Jeb Bush
Soon after former Florida Gov. Jeb Bush resigned from the board of Rayonier Inc., the Florida timber conglomerate disclosed that it was facing a law enforcement investigation. Pictured: Bush speaks during the Heritage Action for America presidential candidate forum in Greenville, South Carolina, on Sept. 18, 2015. Reuters/Chris Keane

Republican presidential hopeful Jeb Bush responded Sunday night to a new television ad targeting his brother George W. Bush’s presidency, terming the commercial "disgraceful." In a Twitter post, Jeb Bush suggested that Democratic presidential candidate Hillary Clinton's "political machine" was behind the 30-second ad.

The ad, which is scheduled to air this week, was released online Saturday by Americans United for Change, a progressive group that reportedly has close ties with Clinton. It was apparently aimed at Jeb Bush’s comments during last week’s presidential debate, in which he defended George W. Bush’s national security policy saying that the former president "kept us safe."

The ad features Jeb Bush’s debate comments mixed with clips of some of the events during George W. Bush's presidency such as the war in Iraq, the Sept. 11 terrorist attacks and the reaction to Hurricane Katrina. The ad suggests that the 69-year-old did not keep Americans safe from "a crumbling economy," "a bureaucratic catastrophe" and "an unnecessary war."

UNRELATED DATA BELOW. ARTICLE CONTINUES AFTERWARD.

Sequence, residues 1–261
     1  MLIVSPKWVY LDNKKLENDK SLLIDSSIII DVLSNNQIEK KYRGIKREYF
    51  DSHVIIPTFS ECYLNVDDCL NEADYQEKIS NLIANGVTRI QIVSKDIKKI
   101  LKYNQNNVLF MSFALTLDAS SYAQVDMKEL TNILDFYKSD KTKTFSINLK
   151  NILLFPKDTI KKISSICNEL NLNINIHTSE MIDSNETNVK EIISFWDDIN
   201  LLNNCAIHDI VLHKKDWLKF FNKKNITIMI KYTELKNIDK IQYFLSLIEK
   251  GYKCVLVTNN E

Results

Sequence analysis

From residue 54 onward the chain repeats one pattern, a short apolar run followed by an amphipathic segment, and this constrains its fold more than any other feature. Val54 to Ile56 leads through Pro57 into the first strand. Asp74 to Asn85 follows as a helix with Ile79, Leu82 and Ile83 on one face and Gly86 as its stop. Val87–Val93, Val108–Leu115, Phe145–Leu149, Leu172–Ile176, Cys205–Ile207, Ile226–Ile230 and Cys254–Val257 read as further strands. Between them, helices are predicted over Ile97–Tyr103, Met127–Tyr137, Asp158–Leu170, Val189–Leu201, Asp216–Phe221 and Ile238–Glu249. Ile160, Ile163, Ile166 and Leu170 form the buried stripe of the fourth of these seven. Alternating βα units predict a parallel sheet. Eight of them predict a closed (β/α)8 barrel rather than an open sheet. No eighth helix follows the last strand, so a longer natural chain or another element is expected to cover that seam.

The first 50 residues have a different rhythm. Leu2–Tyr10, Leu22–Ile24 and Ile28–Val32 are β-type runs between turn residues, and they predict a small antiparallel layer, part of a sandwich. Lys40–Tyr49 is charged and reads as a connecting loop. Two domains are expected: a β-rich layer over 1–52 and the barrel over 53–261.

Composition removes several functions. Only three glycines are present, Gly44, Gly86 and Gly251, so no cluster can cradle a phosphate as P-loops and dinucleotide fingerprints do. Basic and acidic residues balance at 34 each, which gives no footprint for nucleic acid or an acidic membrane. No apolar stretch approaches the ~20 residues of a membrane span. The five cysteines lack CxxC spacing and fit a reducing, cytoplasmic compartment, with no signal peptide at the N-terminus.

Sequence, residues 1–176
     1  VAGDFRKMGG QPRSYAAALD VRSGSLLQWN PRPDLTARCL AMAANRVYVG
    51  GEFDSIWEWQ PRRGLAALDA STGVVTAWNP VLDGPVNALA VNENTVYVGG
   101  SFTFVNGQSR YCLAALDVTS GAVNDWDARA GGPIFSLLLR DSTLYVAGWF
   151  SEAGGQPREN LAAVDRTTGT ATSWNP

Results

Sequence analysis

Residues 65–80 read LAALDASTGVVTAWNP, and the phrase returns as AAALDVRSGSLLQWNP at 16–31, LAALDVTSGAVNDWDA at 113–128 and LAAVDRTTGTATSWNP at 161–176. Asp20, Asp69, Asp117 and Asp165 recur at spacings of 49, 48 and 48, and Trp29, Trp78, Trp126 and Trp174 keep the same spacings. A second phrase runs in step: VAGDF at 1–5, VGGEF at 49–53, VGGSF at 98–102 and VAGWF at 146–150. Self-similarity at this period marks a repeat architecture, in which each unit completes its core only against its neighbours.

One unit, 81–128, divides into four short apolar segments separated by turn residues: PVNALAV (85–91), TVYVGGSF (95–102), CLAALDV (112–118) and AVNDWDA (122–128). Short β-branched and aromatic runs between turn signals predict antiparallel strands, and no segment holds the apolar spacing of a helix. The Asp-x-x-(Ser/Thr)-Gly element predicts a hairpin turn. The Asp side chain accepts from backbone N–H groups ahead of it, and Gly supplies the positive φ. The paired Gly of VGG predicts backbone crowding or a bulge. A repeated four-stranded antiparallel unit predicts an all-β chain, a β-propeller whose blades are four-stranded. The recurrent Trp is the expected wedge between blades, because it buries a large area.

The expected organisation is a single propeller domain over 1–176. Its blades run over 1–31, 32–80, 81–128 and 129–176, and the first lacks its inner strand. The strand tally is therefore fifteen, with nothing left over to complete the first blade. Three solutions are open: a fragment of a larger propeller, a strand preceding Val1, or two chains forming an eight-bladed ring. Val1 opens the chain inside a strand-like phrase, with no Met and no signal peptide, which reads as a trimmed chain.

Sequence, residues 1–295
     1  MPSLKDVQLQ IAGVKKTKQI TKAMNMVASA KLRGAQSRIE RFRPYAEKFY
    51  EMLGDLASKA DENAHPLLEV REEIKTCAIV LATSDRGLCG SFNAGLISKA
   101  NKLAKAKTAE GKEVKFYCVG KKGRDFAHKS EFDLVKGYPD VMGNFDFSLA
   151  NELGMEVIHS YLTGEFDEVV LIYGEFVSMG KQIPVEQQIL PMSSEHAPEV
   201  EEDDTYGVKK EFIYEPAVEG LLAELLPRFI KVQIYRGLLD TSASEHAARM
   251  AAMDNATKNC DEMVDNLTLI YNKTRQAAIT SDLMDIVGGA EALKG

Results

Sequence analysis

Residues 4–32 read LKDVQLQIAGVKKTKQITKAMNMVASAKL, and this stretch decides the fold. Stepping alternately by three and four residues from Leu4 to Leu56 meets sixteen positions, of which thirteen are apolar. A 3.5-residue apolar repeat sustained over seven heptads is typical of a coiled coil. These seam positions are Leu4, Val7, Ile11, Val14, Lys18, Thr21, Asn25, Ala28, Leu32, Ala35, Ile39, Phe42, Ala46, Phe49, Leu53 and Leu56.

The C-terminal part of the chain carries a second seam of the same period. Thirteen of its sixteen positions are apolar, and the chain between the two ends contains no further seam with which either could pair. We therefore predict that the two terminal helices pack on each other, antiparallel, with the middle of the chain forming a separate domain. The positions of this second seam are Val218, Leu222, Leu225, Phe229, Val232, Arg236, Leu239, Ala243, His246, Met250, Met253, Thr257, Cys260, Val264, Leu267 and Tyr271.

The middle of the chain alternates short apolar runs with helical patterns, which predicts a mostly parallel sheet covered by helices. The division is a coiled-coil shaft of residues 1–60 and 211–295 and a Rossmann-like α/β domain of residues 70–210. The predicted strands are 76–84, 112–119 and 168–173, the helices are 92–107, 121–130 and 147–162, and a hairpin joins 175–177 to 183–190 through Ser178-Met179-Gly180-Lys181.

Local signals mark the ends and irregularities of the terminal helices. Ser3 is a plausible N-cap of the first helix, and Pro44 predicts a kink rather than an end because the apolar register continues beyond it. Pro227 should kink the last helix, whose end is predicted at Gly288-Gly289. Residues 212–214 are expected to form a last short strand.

“As it relates to my brother, there’s one thing I know for sure: He kept us safe,” Jeb Bush said Wednesday, in response to Donald Trump’s comments that Bush’s presidency was a disaster.

Brad Woodhouse, president of Americans United for Change, said in a statement Saturday: "It’s as if Jeb Bush believes his brother’s presidency began on September 12th, 2001. But we’re not letting Jeb rewrite history.

"It’s convenient but not honest to ignore the facts that the worst attack on American soil since Pearl Harbor happened on George W. Bush’s watch after dismissing warnings from U.S. intelligence officials weeks before 9/11 that Osama bin Laden was ‘determined to strike in US’ and that his terrorist network might hijack American planes."

Jen Bush's Twitter post Thursday of a photo of George W. Bush atop a pile of World Trade Center rubble, along with his comments from the GOP debate, had received criticism on social media, despite his remarks being applauded during Wednesday night's Republican presidential debate.